That is most definitely not nothing. The fact that Joe Smith in Random Locale didn’t know the particulars about Donald Sterling’s attitudes and past conduct? Much less important than what the civil society Joe Smith belongs to can do when it crafts just laws and institutions and then uses them for what they are for.

I’m just saying. It may not be enough; I think it’s not. But it’s not *nothing*, and treating it as such is wrong. We should be scandalized by his words and his behavior towards tenants. But we did something about the latter.

I forgive you, Kareem, not for not acknowledging that fair housing rules do what they are supposed to (sometimes, at least, partially), and I still want to be your BFF. Call me.

Cliven Bundy, sociologist

Clive Bundy, the rootingest-tootingest-shootingest big hero of the week because he can’t make a go of his ranch without grazing handouts from all the rest of us had some real insightful things to say about the abuse of public subsidy in the NYT:

so Mr. Bundy used the time to officiate at what was in effect a town meeting with supporters, discussing, in a long, loping discourse, the prevalence of abortion, the abuses of welfare and his views on race.

“I want to tell you one more thing I know about the Negro,” he said. Mr. Bundy recalled driving past a public-housing project in North Las Vegas, “and in front of that government house the door was usually open and the older people and the kids — and there is always at least a half a dozen people sitting on the porch — they didn’t have nothing to do. They didn’t have nothing for their kids to do. They didn’t have nothing for their young girls to do.

“And because they were basically on government subsidy, so now what do they do?” he asked. “They abort their young children, they put their young men in jail, because they never learned how to pick cotton. And I’ve often wondered, are they better off as slaves, picking cotton and having a family life and doing things, or are they better off under government subsidy? They didn’t get no more freedom. They got less freedom.”

One really needn’t make things THIS easy for the liberal lame stream media.

#ReadUrbanandPlanningWomen2014 entry #7: Charisma Acey

Charisma Acey is assistant professor of City & Regional Planning at UC Berkeley. She’s one of the folks who came to UCLA as I was leaving, so I’ve always known her to chat with (as she’s a lovely person), but I’ve not made time to read her work. This is one of those weeks where I am feeling exceptionally pleased with myself for coming up with this exercise because it got me to read some of Charisma’s work. I don’t know much about her research area, I learned a lot, and she’s a marvelous prose stylist. Newly minted fangirl here.

I selected a history paper:

Acey, C. 2012. Forbidden waters: colonial intervention and the evolution of water supply in Benin City, Nigeria. Water History

This paper follows up on earlier work Dr. Acey has done on Accra, and it examines the same themes tracing how colonial decisions about the land tenure, urban residential segregation, and water infrastructure investment created a path-dependent, lingering inequality in access to water within Benin. There is a strong dose of environmental history here along with urban history.

The manuscript begins with the pre-colonial history of the Benin City dynasty that transformed the city via engineering to bring the spread of malaria. The result was a thriving city and polity that remained independent until the 1800s, when the British began to pressure the Benin leadership for greater access to trade. Whenever I read histories and I encounter the word “trade” I’m always grumpy because of a pet peeve; the type of trade is not incidental to the subsequent history. If we don’t know what the trade is in, we don’t the motives or the geography of the incentives that people are responding to. I had to do some background research to figure out what the trade was in, and from what I can tell, Benin City was a lively slave trading kingdom as well as a supplier of tropical commodities like palm oil and pepper. But the apparent wealth of the Benin City kings appears have to flourished prior to European contact as they were an established empire who conquered neighboring tribes, so an existing slave economy makes sense given the the empire’s reliance on farming and agriculture to support the city (there are slave empires all over the ancient and medieval world.) This isn’t the main point of the manuscript, but it does suggest to me that, given agricultural dependency, the story about water has some interesting facets prior to the story that Dr. Acey develops here.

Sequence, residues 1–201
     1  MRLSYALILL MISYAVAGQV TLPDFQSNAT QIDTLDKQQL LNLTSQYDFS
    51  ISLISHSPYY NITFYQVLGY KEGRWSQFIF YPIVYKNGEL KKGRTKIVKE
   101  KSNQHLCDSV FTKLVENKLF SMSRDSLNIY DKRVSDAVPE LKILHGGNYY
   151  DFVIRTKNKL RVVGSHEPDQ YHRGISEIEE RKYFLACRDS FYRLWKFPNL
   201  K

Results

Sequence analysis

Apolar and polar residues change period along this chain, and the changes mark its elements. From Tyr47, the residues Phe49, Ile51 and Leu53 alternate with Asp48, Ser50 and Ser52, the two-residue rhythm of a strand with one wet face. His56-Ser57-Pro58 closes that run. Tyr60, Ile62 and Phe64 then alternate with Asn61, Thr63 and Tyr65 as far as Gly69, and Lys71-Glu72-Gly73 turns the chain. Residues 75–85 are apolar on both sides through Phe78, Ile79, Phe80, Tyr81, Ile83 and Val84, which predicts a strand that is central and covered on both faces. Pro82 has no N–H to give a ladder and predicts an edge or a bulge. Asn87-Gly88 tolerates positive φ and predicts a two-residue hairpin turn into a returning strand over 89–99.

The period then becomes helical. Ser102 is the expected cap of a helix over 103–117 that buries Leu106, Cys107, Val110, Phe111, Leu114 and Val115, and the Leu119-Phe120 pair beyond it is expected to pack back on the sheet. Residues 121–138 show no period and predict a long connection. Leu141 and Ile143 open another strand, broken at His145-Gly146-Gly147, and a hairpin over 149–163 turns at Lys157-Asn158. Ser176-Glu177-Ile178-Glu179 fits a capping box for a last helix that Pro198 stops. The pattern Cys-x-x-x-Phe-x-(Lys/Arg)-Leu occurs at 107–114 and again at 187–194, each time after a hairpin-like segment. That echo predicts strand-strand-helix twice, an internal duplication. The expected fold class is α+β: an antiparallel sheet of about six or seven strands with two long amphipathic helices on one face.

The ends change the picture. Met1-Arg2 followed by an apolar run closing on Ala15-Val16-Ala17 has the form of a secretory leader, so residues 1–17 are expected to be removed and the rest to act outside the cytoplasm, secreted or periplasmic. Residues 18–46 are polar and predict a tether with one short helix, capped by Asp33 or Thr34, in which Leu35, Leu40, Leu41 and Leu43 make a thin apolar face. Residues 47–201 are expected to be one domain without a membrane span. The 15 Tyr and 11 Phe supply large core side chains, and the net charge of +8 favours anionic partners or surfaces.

The British took over Benin City in 1897 after a series of tentative treaties broke down into violence, and British colonial water regulation began in 1910 with taking water from the Ogba River–a river that locals had usually allowed only grey water uses and not human consumption. Instead, local residents use the water from the Ikpoba River, with royal and elite families drawing from the more exclusive freshwater offshoots of the Ikpoba. The Ogba was selected because it was a cheaper infrastructure project for th British. Soon conflicts ensued over water levies and taxes. Eventually, the city went back to relying on the Ikpoba River in 1987, but it still has proven difficult to get an adequate supply of water for the entire city, with attempts at private supply and an emerging hybrid governance structure that still carries the imprint of colonization: disproportionate investment in European settlements with investment lagging in indigenous settlements.